Cardiovascular disease, cancer, diabetes and mental illness, obesity
WalesExtreme rurality: large mountainous area, sparse population, agricultural dependency
PowysSmall communities with diverse character and health and social care needs, no large towns or major shopping centres
Breakdown of traditional communities and social support networks, accelerated by migration trends
Vulnerable workforce: low incomes, seasonality, high self-employment, long hours of work
Frail agricultural economy, highly vulnerable to market forces and external catastrophe: for example, foot and mouth disease
Cost and potential inefficiency of service delivery to scattered small settlements
Mainly ‘rural deprivation’ (housing deprivation, transport poverty, isolation, low income) with pockets of ‘urban deprivation’ (unemployment, benefits dependency) in some towns
Transport poverty: lack of public transport; dependence on cars for work, shopping and healthcare; burden on household budgets; cars often old and in poor condition; road traffic accidents
Added risks of isolation, food poverty and health inequality for residents without use of car (e.g. children; older people; people on low incomes; disabled people; those who are sick; and those who are the second adult in a one-car household)
Rural stress a major influence on health and wellbeing
Housing deprivation: poor condition of private housing stock, high house prices relative to incomes, high dependence on private rental, fuel poverty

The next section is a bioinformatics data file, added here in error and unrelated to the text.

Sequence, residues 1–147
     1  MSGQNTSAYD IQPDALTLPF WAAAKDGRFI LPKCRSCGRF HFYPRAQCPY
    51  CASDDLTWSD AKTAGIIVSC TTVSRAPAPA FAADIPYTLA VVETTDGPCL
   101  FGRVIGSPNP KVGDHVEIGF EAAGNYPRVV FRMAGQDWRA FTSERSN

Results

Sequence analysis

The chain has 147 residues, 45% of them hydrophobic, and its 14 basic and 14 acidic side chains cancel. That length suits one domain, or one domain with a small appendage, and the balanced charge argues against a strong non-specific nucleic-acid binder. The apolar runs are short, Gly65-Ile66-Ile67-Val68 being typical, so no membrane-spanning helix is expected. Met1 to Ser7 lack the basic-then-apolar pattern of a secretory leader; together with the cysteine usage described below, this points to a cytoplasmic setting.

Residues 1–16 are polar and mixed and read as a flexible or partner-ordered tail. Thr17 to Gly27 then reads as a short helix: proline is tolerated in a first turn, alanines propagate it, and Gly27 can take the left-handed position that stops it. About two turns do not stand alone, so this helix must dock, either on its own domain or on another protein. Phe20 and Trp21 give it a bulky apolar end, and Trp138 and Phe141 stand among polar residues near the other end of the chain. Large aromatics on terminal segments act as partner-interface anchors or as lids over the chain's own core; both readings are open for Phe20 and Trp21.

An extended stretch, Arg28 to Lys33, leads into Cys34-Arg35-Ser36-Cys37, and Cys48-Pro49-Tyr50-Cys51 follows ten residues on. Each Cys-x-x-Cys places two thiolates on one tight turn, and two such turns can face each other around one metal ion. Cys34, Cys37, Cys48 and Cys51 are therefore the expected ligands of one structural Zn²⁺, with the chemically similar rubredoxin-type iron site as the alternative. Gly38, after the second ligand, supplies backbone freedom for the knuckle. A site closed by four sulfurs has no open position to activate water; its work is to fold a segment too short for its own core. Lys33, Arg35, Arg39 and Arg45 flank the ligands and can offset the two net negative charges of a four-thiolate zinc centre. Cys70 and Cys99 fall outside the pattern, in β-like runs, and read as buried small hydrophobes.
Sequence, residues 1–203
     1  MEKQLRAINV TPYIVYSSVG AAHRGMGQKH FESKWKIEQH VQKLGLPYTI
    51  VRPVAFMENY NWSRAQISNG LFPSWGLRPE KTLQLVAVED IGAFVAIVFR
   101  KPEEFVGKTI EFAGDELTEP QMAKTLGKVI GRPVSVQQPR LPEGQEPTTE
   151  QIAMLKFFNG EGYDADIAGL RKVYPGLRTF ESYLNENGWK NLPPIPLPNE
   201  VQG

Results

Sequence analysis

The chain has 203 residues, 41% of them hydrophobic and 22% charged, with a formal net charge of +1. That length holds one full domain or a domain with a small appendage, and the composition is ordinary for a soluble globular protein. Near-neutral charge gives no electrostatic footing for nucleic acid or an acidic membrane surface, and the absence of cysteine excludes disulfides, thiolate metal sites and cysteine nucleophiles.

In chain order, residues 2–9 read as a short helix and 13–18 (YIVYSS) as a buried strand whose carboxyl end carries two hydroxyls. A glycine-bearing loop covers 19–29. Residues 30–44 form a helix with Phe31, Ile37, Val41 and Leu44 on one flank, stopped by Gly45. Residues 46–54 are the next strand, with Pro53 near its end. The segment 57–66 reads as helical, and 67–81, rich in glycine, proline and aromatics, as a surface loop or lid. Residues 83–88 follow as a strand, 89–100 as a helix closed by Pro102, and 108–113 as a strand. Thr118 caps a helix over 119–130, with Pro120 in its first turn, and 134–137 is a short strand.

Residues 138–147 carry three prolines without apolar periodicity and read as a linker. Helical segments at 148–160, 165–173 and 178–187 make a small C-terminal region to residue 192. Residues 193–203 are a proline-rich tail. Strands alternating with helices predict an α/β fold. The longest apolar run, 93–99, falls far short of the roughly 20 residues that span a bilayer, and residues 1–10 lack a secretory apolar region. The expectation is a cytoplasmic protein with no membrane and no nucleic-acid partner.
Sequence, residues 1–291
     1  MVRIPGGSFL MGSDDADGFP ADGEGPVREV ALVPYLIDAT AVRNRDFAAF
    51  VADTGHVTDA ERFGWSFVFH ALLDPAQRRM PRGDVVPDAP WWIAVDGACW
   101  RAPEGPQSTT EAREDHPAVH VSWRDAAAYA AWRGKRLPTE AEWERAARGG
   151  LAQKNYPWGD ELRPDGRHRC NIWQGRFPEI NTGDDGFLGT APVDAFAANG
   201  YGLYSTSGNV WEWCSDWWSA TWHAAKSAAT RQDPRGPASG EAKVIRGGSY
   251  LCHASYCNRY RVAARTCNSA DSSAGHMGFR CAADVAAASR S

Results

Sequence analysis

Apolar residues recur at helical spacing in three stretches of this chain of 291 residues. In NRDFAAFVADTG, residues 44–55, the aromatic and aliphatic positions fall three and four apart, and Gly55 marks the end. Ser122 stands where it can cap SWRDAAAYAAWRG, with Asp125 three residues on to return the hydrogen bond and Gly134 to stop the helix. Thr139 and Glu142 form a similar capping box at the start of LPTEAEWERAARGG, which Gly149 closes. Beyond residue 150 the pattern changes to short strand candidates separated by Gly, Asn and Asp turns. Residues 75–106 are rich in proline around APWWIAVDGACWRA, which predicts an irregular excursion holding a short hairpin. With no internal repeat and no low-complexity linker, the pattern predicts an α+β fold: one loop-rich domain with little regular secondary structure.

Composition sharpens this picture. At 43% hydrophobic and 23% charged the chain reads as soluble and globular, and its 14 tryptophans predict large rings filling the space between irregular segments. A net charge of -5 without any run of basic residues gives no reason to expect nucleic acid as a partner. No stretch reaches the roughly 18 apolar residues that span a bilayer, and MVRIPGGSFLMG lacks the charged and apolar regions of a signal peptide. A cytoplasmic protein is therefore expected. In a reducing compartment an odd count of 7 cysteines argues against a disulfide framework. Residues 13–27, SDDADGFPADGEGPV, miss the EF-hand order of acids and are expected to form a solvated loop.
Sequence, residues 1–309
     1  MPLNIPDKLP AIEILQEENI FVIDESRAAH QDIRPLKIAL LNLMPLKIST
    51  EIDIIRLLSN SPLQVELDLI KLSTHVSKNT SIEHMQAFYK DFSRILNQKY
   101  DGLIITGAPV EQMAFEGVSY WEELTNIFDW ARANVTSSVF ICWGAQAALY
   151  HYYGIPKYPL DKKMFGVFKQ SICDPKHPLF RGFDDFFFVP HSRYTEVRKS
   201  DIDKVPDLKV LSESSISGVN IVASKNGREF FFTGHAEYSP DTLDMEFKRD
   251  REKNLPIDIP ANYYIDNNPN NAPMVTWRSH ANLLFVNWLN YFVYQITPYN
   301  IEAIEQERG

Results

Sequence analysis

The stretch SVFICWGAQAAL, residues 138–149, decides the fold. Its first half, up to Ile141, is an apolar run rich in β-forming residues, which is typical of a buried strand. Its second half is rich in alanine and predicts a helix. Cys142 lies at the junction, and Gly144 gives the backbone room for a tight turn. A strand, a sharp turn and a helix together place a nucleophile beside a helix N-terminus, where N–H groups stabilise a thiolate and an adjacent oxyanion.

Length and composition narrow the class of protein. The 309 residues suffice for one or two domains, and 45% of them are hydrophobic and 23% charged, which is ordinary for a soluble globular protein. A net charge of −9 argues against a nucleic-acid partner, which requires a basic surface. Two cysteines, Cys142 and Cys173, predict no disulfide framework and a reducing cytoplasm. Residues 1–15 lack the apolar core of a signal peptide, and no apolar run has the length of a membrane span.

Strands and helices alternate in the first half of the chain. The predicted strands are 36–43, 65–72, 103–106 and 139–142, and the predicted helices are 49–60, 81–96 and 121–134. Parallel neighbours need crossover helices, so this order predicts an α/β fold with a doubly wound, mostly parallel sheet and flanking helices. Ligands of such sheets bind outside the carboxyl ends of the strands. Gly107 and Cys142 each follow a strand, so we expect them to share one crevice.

Lack of anonymity in small communities leads to health inequality and isolation forvulnerable groups and deters take-up of benefits. Combined with high self-employment, this tends to delay the seeking of both medical and financial advice
Adapted from Health Challenge Powys, 2005

Activity 1 Thinking about community needs

Timing: 30 minutes

Review Table 1 and note down issues and areas where taking action might help to improve people’s health. For how many of these would more than one service or sector need to be involved?


Here are the conclusions drawn from the regional profile in Table 1 about which issues/areas required action in the short and long term:

  • geographical access and transport
  • poverty and deprivation; in particular, child poverty
  • restricted employment opportunities
  • poor quality private sector housing, and other housing issues
  • diet
  • physical exercise and sport
  • smoking
  • substance misuse; in particular, alcohol misuse
  • community development
  • lifelong learning
  • care and support for the most vulnerable groups
  • caring for carers
  • retaining and attracting young people back to the county
  • sexual health; in particular, teenage pregnancy
  • coronary heart disease, cancer, cerebrovascular disease, obesity, mental health and emotional wellbeing, accidents and diabetes.

An audit of local skills is also an important aspect of needs assessment and community profiling. There will be a need for appropriate personal and professional development for a wide range of people. This will include not just health professionals, but other professional groups involved in planning and delivering services (e.g. local authority officers, teachers, social workers, youth leaders and voluntary sector staff) and members of the public involved in needs assessment and in delivering community-based programmes.

Having carried out a provisional community profile and health needs assessment, it is necessary to get to know the community better.